Is there any "goodness of fit" statistics that I can use to decide which discretization is best for my model? That is, if I use one discretization algorithm and fit my model, and then use a different discretization algorithm and fit my model. Is there a statistic that will tell me which model fits better? If I can choose between cutting into 3 categories or cutting into 5 categories, how should I choose (for example)?
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Gary M
And to add to this question - how sensitive is the modeling to discretization algorithms?  Realize this is a case by case answer but are their any "rules of thumb" on this sensitivity.
Is it a good practice to use one discretization technique then choose optimum model then repeat process with another to test this sensitivity/robustness?
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There are several articles in the knowledge database that can recommend an appropriate discretization method.  You should probably start there.  One question I have is that you have an option in structural coefficient analysis to re-discretize nodes.  Should you elect to change the structural coefficient and re-learn the model, how is this re-discretization  applied.  An example, suppose that the structural coefficient analysis determines that 5 levels are needed versus 7 for a certain SC (structural coefficient).  How do you know that and how can you apply that knowledge when re-learning the model at that SC?  Or, that's not what really happens when this option is applied during SC analysis?
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The discretization defines the perception of the "AI agent". The number of bins and the discretization methods have therefore a huge impact on the machine learned model. 

As per the choice of the #bins, it should be driven by the amount of data that is available for learning. The #bins has indeed a direct impact on the size of the conditional probability tables (CPT). Lets suppose you have a node with 2 parents, each of these nodes being represented with 5 bins, you have a CPT made of 5 x 5 x 5 cells. An optimistic heuristic consists in trying to get 5 samples per CPT cell. If you envision a network with at max 2 parents per node, you then need to have at least 625 observations in your data set. This is obviously optimistic because this is assuming that the data is uniformly distributed across the CPT, which cannot be the case (otherwise there is no relationship). However, this heuristic usually allows retrieving the skeleton of the network (i.e. the structure without taking into account the arcs' orientation).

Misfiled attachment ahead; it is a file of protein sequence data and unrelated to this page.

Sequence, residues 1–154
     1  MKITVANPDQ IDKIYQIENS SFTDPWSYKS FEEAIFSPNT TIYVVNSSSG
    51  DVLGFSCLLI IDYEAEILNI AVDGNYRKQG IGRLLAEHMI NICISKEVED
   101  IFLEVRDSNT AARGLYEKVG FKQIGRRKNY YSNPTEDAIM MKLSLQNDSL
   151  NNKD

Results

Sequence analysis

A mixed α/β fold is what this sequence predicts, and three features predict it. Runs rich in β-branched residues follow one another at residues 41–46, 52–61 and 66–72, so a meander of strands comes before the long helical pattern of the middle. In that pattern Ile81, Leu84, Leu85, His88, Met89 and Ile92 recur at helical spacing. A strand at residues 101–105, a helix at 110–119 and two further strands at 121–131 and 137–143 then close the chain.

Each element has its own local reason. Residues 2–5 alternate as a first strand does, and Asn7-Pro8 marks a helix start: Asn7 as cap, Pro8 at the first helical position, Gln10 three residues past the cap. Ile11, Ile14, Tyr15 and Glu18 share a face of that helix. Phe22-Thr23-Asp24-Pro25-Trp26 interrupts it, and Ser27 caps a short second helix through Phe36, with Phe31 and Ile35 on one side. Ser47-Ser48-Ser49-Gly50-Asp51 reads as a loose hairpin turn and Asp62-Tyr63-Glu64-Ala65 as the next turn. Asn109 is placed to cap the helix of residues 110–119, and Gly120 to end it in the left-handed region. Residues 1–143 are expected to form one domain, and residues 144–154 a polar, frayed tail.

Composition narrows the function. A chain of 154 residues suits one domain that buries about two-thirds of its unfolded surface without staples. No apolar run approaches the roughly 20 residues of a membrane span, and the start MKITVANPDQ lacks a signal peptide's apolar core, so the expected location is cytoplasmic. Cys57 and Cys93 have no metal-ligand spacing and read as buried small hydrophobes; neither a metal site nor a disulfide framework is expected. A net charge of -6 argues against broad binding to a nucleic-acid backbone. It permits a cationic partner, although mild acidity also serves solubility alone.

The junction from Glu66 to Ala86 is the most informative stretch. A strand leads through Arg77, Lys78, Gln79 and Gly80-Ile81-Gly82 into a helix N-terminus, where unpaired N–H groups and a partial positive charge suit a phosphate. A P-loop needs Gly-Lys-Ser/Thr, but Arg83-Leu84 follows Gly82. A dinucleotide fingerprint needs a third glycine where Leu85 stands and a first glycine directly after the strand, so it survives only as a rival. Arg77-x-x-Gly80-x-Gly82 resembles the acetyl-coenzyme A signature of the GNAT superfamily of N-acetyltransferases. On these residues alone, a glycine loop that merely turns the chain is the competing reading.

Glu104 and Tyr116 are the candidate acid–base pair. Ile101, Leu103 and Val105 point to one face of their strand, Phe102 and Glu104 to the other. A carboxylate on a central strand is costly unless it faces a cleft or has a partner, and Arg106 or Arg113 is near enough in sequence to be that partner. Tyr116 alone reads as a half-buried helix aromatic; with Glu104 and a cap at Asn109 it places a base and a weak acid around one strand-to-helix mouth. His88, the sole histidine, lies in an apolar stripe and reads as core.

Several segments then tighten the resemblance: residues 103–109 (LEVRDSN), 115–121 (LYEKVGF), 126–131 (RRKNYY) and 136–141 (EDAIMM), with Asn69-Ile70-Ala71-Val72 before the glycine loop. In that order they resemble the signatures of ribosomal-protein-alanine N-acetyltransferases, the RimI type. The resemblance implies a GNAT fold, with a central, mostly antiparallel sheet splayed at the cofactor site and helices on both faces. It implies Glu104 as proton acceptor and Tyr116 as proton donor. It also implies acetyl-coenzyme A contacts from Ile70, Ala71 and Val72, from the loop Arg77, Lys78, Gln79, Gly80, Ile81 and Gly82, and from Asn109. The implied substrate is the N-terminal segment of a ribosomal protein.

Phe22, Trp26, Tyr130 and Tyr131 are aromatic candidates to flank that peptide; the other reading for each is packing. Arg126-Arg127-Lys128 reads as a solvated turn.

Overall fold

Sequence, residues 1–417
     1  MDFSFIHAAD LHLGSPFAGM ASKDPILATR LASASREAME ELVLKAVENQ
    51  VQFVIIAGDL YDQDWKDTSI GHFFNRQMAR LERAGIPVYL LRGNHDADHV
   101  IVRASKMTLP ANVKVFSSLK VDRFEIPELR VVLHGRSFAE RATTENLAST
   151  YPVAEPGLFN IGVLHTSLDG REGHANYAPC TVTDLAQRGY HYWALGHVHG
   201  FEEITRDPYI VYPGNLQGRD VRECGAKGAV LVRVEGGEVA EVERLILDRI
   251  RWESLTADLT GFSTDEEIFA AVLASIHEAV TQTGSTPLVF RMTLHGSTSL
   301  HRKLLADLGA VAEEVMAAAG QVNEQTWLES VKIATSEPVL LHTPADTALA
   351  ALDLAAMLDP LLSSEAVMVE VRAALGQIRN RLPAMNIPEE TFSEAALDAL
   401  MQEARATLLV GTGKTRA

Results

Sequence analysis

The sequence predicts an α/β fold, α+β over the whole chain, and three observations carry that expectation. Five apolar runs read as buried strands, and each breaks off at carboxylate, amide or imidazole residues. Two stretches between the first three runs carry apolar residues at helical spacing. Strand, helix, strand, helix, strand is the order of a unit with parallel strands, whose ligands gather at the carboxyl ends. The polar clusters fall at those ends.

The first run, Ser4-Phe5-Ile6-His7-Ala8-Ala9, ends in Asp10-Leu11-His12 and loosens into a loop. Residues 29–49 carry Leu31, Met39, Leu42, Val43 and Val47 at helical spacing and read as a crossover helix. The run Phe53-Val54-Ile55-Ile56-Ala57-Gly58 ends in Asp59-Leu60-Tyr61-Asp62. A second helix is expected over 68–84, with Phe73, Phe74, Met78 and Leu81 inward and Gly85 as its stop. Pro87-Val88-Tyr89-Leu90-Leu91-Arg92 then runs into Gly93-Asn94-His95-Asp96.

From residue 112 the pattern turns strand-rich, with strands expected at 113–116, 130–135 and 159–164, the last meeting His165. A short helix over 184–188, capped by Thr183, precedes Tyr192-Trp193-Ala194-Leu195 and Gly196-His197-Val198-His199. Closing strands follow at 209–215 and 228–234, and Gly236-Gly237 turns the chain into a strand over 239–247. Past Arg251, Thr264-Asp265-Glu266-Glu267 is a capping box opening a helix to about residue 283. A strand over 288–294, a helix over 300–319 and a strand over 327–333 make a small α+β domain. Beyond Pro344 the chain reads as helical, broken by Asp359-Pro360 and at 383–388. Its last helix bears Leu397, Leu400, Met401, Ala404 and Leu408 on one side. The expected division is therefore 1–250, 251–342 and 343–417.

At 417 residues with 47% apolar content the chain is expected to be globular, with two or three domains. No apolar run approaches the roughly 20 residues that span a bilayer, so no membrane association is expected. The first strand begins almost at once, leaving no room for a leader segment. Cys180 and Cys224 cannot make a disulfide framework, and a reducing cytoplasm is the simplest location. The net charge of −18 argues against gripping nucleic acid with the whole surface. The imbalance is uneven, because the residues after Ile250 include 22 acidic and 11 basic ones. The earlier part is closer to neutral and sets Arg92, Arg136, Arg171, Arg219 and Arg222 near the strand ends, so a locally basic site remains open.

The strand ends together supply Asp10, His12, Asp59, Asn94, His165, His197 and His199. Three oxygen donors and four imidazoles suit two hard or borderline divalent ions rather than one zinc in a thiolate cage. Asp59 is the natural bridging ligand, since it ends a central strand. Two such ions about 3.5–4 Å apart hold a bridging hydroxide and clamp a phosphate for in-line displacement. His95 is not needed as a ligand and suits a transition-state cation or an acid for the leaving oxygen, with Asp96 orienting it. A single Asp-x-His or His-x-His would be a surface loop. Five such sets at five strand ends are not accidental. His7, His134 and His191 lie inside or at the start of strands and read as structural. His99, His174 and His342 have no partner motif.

Another way to choose the #bins is to set an initial #, learn the model, and analyze the connectivity of the network. When you have lots of orphans, this usually indicates that you need to decrease the #bins (you can also decrease the structural coefficient, see below). If your network is too connected, you can increase the #bins (or increase the structural coefficient). The discretization can be changed via Learning | Discretization, without having to reload the data. 

As per the discretization method, it depends on the objective of the model. For unsupervised learning, you can use the univariate methods (R2-GenOpt being the best choice for minimizing the quantization error), for supervised learning, it's usually better to use the bivariate methods, for finding the thresholds that allow characterizing the target node (e.g. Tree or Perturbed Tree).

The only way to fairly compare the quality of your choices for unsupervised learning is to use Analysis | Network Performance | Multi-Target. This will give you a broad set of metrics for evaluating which model performs better. For supervised learning, you can use Analysis | Network Performance | Target. It is recommended to use a learning and test sets, or even better, Cross-Validation. 

As per the Structural Coefficient, it has an impact on the complexity of the learned model. It is indeed a way to increase/decrease the weight of your data set (N' = N/SC). Note that this structural coefficient is also used for learning the trees in the bi-variate discretization. If you are not using this type of discretization, it has no impact on the discretization results.

Hope this helps
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